August 2018 – Captain Ofer Aloni, son of Holocaust survivors, with his guitar, making a special emotional gesture with passengers returning from Poland to Israel , after delegations visited Auschwitz-Birkenau and other Nazi death camps.
“I used the opportunity to speak about using this opportunity of quarantine to appreciate our togetherness. I said to them that I would love to hug all of them, we couldn’t at this time, but we can focus on each other,” says Aloni.
Footage of the speech and ensuing singing was posted to social media channels and had people the world over singing – and shedding a few emotional but joyful tears.
Home sweet home – and was homecoming ever this sweet?!
The reception waiting for crew and passengers was simply extraordinary! There were about 30-40 parents, clapping, crying and thanking us and I could not contain my tears,” says an emotional Aloni. “This was the greatest reward! There are moments in life that you cherish. For me, it has been the rescue of four soldiers I rescued during combat, and now this mission is definitely another one. We don’t leave anyone behind – on the battlefield and in crisis,” says Aloni.
Israel has proven the ancient tenet that we are all responsible for each other – even if it means flights to every corner of the globe, including the unexplored that bring with them new terrain, and that every life is precious which is why we never leave anyone behind.
Can’t go to concerts, then ‘Corona Concerts’ come to you as top Israeli musicians perform nightly in our living rooms
By David E. Kaplan
How accustomed are Israelis that when the chips are down, they will not be denied culture and entertainment! It’s a hallmark of the character of this country and its people. Through wars, intifadas and incessant missile attacks, the message projected is that ‘The Show Must Go On’.
It’s in our national DNA.
Over a decade before Israel emerged as a state, culture was foremost on the minds of those navigating its destiny.
On 26 December 1936, The Palestine Orchestra – the forerunner of the Israel Philharmonic Orchestra (IPO) – was born. Its genesis coincided with The Great Arab Revolt (1936-1939) that began in April 1936 when a Jewish convoy was attacked, and two drivers killed. If frightening violence against Jews prevailed in Palestine, it was the impeding genocide of Jews in Europe that was the impetus for the formation of the IPO.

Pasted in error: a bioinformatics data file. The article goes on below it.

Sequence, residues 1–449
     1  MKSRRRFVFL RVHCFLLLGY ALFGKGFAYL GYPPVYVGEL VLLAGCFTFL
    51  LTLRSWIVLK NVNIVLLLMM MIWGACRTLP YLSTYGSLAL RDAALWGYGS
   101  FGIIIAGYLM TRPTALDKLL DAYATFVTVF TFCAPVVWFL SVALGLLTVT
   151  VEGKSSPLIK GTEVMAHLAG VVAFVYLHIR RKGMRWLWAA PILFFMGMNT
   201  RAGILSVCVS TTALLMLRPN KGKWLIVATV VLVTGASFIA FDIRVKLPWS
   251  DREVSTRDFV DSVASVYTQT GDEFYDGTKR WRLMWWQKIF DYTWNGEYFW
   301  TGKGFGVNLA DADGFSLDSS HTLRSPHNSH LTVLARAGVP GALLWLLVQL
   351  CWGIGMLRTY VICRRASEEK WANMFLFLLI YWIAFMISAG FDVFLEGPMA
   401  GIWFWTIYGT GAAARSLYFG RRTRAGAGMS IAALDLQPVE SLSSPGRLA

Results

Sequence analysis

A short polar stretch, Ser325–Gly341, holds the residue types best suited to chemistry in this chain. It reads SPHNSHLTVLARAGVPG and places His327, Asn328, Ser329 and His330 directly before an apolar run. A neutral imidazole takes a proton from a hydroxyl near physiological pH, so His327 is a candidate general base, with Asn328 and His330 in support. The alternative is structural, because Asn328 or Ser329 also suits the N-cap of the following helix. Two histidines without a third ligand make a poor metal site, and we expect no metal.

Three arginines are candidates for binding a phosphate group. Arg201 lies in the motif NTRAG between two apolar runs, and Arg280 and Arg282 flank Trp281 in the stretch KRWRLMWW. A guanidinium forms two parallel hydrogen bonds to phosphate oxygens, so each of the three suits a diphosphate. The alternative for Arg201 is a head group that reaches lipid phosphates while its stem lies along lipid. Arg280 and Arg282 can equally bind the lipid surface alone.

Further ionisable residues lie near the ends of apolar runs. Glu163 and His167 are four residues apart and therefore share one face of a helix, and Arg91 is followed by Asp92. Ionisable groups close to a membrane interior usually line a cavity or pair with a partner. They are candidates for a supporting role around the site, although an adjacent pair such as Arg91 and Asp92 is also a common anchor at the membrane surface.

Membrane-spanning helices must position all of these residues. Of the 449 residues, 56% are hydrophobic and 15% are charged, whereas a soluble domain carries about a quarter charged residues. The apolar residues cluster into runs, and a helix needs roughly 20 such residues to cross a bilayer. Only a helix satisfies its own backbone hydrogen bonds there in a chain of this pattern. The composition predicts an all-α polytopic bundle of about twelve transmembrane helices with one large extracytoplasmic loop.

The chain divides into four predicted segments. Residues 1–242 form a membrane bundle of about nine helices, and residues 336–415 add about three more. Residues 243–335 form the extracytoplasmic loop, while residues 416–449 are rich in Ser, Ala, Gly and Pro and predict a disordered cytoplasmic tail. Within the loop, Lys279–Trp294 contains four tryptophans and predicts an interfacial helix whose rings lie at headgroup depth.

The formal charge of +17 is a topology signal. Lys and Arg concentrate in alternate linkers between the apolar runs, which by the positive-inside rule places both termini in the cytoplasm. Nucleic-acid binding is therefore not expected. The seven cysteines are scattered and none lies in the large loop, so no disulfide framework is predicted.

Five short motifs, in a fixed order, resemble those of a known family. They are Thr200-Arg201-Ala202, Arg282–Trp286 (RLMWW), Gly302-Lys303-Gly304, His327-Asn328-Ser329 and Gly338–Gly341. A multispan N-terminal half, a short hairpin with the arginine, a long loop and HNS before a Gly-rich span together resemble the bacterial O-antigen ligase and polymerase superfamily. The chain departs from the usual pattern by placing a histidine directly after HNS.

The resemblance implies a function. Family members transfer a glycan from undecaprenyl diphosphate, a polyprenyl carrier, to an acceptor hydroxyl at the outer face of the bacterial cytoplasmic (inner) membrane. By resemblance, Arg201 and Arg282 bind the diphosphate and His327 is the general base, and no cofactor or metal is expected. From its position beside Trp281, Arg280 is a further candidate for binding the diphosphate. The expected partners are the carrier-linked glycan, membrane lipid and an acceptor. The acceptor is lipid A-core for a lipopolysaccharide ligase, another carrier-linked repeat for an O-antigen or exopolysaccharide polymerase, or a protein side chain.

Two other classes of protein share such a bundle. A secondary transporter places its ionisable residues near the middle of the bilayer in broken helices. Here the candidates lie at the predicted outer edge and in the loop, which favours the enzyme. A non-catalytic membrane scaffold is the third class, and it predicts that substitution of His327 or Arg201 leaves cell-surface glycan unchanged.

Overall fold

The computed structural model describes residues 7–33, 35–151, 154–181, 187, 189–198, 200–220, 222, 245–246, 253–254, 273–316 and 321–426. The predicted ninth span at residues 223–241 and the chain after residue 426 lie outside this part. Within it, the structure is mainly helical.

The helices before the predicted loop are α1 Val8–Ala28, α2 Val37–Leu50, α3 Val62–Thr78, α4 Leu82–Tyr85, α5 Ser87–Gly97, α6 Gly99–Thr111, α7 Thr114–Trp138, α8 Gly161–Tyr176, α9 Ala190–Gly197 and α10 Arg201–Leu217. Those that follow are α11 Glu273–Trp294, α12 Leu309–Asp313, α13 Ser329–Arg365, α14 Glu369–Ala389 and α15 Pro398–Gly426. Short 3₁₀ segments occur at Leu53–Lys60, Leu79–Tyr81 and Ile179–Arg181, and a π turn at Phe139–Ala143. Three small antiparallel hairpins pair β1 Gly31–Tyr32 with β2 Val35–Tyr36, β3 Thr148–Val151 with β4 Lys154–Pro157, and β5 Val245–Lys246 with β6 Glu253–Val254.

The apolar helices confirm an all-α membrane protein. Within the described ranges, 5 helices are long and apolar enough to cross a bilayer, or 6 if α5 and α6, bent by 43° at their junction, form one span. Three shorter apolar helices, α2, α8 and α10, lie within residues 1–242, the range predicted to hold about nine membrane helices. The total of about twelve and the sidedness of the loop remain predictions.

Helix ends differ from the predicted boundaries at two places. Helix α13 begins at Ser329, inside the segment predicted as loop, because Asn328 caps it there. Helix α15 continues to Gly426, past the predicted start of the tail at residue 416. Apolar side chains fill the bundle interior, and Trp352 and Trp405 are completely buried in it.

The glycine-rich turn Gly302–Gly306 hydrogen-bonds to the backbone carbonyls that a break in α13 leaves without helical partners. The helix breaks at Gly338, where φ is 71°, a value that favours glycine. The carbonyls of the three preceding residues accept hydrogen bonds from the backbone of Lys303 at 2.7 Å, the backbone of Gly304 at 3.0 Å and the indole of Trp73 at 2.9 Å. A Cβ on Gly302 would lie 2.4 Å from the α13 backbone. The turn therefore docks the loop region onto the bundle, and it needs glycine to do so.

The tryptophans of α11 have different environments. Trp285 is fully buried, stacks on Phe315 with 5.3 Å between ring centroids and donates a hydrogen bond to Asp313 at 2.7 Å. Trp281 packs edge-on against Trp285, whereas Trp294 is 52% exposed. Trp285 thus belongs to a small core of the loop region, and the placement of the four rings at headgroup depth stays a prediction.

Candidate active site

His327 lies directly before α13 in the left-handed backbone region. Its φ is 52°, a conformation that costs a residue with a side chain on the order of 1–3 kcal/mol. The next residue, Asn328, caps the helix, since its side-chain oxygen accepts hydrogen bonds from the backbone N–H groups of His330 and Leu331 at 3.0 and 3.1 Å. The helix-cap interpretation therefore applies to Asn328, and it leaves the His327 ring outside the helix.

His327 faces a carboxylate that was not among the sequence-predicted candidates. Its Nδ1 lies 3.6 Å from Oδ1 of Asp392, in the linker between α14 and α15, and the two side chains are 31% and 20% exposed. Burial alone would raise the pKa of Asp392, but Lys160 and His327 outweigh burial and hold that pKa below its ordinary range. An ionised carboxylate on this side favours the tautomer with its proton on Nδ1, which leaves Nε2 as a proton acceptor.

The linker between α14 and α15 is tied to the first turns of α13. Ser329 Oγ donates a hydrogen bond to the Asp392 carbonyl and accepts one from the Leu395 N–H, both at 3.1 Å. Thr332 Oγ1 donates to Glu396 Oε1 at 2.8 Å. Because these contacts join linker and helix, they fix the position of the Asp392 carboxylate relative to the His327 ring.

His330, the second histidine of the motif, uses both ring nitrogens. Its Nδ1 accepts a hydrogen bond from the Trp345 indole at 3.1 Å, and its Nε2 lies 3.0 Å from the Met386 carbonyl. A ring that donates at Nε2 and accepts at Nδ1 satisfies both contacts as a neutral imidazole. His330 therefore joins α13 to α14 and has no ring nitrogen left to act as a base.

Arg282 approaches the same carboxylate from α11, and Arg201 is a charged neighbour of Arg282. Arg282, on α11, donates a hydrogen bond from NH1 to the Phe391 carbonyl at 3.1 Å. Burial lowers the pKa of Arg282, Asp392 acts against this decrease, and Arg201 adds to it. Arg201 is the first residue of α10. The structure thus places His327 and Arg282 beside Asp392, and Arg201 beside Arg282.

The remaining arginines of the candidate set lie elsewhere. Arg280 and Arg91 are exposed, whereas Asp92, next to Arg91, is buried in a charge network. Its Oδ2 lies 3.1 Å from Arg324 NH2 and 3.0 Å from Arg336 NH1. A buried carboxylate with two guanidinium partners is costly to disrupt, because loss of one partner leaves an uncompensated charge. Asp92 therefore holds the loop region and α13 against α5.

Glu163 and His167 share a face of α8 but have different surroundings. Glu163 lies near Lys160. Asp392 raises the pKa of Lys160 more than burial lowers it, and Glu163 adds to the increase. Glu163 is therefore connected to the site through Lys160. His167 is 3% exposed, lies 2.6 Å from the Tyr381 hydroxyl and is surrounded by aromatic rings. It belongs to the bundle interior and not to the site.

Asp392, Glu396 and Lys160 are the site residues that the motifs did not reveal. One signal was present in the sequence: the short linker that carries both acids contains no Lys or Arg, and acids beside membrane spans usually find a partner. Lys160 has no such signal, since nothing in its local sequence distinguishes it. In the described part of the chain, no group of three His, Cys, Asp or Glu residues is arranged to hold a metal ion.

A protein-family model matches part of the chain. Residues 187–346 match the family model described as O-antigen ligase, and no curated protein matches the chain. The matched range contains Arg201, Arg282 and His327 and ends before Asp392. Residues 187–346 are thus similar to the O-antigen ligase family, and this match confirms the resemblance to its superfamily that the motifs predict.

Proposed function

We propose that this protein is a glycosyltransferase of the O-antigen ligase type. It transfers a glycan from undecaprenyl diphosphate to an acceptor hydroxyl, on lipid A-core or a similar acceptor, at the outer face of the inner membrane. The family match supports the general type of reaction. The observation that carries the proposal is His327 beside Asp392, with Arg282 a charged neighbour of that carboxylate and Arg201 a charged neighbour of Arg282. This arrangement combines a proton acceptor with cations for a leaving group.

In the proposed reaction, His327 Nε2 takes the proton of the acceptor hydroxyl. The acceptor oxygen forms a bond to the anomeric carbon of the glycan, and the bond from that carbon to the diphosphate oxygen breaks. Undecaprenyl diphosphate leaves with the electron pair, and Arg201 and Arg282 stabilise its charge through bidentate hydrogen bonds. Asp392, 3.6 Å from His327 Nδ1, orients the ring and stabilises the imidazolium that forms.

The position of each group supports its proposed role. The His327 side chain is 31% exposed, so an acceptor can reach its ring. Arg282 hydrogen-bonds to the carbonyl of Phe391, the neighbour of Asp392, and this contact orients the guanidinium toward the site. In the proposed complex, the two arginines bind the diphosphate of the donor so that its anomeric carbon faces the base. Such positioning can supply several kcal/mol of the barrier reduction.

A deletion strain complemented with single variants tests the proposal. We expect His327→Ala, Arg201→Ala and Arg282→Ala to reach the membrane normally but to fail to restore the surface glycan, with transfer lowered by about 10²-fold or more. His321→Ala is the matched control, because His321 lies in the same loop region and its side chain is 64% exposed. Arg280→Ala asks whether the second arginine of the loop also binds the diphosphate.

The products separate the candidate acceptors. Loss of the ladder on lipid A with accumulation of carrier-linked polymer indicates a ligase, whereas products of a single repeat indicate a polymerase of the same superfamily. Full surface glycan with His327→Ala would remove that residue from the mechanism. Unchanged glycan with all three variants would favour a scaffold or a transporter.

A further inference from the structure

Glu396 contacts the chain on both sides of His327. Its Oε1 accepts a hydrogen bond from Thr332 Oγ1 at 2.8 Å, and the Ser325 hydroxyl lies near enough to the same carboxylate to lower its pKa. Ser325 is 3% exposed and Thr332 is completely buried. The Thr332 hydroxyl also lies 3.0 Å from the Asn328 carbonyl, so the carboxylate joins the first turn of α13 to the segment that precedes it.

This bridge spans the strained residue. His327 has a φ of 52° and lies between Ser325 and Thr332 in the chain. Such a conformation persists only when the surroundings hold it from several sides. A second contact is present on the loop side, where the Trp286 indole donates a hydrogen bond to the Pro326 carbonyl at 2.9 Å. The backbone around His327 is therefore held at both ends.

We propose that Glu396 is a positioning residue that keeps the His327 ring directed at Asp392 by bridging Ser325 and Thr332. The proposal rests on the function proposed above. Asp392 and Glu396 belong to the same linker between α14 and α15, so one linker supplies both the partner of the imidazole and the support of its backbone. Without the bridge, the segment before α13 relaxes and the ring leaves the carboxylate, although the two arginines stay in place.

The great Polish-born Jewish violinist and musician, Bronislaw Huberman, who foresaw the Holocaust, persuaded 75 Jewish musicians from major European orchestras to immigrate to Palestine, creating what he called the “materialization of the Zionist culture in the fatherland” on the sand dunes of Tel Aviv.
Striving for excellence, Huberman invited the greatest conductor of the time, Arturo Toscanini, to conduct the opening concert, to be performed at the Levant Fair in Tel Aviv on 26 December 1936. Toscanini abandoned his renowned NBC Orchestra for several weeks “to render paternal care to the newly born…”
Having escaped the rise of Fascism in his homeland of Italy, the great Maestro said:
“I am doing this for humanity…”
That thirst of a people for music prevailed and is embedded in Israeli culture.
When in 1948, South African Dr Jack Medalie the grandfather of famed Israeli songwriter Doron Medalie volunteered to serve in Israel’s War of Independence as a doctor in the front line, he recounted how in the thick of war, “I was surprised one day when we were taken to a desolate place in the Negev where our soldiers sat listening to an orchestra under the baton of a young American.” The name of that “young American” was –Leonard Bernstein, who was touring the war-ravaged country with an ensemble of 35 members of the Israeli Philharmonic Orchestra performing to civilians and soldiers alike – a grueling schedule of forty concerts in sixty days.
Conducting several Beethoven pieces, “with a gusto of physical movement the like of which I had never seen,” recorded Medalie, “it was an amazing spectacle of an orchestra playing to an appreciative brigade of soldiers behind enemy lines.”
War might be raging, but culture was no casualty.
Recovering from his surprise, it did concern Medalie that between Beethoven and Bernstein “a few enemy bombs could have destroyed most of the Palmach in the Negev.”
Bernstein would later describe that of all his experiences in the nascent Jewish state during its war for survival, “the greatest being the special concerts for soldiers. Never could you imagine so intelligent and cultured and music-loving an army!”
Has any army anywhere been so described?
Maintaining high moral during that war was critical, and whose ‘VOICE’ was most prominent was polish born Chaim Hefer who joined the Palmach in 1943 and took part in smuggling illegal immigrants through Syria and Lebanon. In January 1948 he was one of the founders of the Chizbatron, the Palmach army troupe, and was its chief songwriter. Hefer and his troupe would travel to combat units in the front line -their stage often a bed of rocks, a dusty dirt road or their tour truck. With the lighting furnished by a jeep’s headlights, the sun, the moon, or simply from a bonfire, the band often performed four to five times a day, each time before a different squad and sometimes sustaining casualties when some of its members were injured as their truck hit a landmine on the way to a performance. The fact that the ‘Chizbatron’ performed in the most dangerous places during the war, contributed to raising the morale, and some even say that “the Chizbatron was a battalion in its own right.”